An article written for the 50th anniversary of the foundation of Belmont Abbey School in 1926. Dom Brendan Minney was in the original alumniate from 1922. He was headmaster from 1955-61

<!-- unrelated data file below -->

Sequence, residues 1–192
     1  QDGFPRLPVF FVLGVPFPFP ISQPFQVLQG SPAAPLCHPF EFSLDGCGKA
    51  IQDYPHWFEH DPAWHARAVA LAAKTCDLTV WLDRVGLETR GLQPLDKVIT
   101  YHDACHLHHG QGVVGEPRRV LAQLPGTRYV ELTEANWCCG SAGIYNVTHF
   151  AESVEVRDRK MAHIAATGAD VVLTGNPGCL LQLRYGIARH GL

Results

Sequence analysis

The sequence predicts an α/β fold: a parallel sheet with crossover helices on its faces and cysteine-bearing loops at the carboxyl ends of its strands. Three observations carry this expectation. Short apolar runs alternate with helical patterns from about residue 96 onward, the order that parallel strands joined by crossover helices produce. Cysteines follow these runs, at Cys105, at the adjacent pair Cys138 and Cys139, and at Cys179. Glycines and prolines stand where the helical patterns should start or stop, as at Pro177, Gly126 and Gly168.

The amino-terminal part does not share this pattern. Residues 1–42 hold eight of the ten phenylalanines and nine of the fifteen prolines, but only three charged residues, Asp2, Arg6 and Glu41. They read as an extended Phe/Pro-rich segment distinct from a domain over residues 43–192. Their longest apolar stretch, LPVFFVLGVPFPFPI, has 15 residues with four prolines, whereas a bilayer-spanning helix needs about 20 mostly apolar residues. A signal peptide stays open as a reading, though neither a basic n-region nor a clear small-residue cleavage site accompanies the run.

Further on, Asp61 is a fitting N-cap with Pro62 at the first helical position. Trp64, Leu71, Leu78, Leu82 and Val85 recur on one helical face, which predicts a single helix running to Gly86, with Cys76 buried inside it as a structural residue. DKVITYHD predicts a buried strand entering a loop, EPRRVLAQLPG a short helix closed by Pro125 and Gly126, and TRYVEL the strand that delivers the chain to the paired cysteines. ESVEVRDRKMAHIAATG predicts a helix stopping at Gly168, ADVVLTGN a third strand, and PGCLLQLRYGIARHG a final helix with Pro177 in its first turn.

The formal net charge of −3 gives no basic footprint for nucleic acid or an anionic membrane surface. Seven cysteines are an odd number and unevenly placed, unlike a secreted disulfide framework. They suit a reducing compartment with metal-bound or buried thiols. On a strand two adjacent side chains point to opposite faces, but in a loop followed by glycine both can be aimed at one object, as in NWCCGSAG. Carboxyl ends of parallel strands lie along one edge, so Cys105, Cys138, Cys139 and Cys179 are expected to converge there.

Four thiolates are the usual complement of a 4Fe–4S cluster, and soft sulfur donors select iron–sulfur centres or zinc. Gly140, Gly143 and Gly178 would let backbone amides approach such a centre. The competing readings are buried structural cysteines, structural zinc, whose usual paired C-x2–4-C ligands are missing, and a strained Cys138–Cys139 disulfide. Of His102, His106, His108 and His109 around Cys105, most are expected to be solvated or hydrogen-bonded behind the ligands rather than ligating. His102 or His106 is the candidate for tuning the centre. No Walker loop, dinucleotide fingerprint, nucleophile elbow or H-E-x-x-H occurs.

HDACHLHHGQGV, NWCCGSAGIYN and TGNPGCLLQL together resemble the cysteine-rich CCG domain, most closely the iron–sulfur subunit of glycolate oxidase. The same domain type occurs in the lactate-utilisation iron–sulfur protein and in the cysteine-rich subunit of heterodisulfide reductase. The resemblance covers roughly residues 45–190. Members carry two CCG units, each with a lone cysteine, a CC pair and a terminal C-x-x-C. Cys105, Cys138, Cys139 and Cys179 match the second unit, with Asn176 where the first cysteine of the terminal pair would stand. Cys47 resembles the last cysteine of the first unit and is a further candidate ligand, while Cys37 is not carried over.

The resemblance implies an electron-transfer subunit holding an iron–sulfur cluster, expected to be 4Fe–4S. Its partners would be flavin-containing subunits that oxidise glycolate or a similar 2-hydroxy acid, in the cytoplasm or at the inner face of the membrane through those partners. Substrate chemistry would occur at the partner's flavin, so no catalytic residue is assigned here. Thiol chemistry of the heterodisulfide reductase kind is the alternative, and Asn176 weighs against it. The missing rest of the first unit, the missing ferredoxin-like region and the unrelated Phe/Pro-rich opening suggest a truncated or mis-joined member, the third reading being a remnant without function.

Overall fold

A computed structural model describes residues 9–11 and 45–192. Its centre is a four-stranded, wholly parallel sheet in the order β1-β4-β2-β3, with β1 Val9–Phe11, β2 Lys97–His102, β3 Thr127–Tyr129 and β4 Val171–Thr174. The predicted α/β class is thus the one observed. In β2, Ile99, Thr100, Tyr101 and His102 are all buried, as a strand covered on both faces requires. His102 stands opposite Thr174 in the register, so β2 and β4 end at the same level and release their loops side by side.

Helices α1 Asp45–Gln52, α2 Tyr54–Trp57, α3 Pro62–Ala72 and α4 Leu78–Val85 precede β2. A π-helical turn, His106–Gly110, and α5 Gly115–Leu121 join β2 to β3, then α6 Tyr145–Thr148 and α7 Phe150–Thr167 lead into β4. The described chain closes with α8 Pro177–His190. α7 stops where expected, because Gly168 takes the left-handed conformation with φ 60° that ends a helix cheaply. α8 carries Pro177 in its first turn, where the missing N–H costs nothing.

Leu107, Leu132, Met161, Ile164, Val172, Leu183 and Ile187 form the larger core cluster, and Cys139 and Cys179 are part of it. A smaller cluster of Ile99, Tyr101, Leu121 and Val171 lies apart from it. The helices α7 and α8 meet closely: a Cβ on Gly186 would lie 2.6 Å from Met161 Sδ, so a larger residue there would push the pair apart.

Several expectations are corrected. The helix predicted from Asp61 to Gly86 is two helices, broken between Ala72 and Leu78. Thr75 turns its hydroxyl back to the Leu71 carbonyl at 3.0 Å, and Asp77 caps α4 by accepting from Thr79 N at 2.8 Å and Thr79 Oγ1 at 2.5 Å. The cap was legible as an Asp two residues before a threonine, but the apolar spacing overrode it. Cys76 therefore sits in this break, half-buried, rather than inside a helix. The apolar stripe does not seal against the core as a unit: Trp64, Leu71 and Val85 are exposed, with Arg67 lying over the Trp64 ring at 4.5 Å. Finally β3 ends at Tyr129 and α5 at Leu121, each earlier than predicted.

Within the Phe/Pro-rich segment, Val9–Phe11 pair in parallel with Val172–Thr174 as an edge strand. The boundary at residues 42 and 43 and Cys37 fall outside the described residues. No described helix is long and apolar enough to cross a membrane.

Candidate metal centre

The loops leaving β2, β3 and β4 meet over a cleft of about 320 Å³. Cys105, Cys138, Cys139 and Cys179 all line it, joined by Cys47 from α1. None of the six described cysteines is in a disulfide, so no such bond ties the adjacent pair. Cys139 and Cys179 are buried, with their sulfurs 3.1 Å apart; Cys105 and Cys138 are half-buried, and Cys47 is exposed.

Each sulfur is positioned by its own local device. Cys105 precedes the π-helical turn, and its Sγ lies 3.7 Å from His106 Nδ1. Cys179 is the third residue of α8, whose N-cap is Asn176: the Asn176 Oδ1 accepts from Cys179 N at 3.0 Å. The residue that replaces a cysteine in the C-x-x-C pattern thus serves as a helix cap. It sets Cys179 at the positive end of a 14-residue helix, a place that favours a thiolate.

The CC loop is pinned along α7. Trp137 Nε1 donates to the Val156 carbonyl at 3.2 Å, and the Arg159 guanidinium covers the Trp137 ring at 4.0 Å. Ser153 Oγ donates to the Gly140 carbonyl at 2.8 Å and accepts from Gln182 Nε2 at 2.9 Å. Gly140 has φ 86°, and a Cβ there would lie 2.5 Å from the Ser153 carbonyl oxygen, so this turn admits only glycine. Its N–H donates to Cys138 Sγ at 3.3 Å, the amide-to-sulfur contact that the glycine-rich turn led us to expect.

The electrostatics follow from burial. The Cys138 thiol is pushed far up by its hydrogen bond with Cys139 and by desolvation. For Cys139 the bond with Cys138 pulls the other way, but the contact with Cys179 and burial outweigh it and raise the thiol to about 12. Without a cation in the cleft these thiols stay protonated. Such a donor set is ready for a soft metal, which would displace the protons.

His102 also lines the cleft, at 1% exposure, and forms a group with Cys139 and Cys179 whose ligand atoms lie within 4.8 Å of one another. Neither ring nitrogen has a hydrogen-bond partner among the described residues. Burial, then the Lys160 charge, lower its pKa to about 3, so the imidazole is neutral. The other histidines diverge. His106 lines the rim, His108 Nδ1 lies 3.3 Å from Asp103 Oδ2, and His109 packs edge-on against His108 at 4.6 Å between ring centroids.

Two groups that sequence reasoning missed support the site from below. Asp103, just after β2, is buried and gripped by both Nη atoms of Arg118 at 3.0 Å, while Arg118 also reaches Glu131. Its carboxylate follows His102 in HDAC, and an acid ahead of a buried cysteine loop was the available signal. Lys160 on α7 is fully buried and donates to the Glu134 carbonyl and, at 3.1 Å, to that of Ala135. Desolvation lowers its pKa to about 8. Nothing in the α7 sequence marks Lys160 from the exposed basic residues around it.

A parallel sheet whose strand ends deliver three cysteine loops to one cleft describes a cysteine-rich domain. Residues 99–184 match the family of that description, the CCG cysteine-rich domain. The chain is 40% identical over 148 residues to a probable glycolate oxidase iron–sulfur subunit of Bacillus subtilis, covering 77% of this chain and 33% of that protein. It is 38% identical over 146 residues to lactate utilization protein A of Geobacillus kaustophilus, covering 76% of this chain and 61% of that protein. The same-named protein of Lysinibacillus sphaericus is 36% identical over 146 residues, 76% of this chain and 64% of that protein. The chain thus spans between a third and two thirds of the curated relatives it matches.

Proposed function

IN RETROSPECT, I am forced to concede that the step which I took on All Hallows Eve, in the year of 1922, was a retrograde one. It took me from an ordinary town Grammar school to the alumniate at Belmont, and, in scholastic terms at least, from the twentieth to about the fifteenth century. Not that I saw it as such there and then ; but, for all my immaturity, I could not but notice that the schooling was odd. In a sense it had to be, it just could not be otherwise, for it bristled with problems. Consider the age groups. Upper school consisted of five students, young men of seventeen and eighteen. In Lower school, where I became the third of three, we were each aged twelve ; while Middle school, and its complement of seven, bridged the intervening years. A total of fifteen, in three broad groupings ; and this marked another problem. Unhappily, there were but two class rooms ; one, the present calefactory, and two, the Lecture Room - as it was styled - lodged in Siberia, above the Library and below the Novitiate. This latter room also doubled for recreational purposes, among which was a species of indoor football with an unusual code of rules.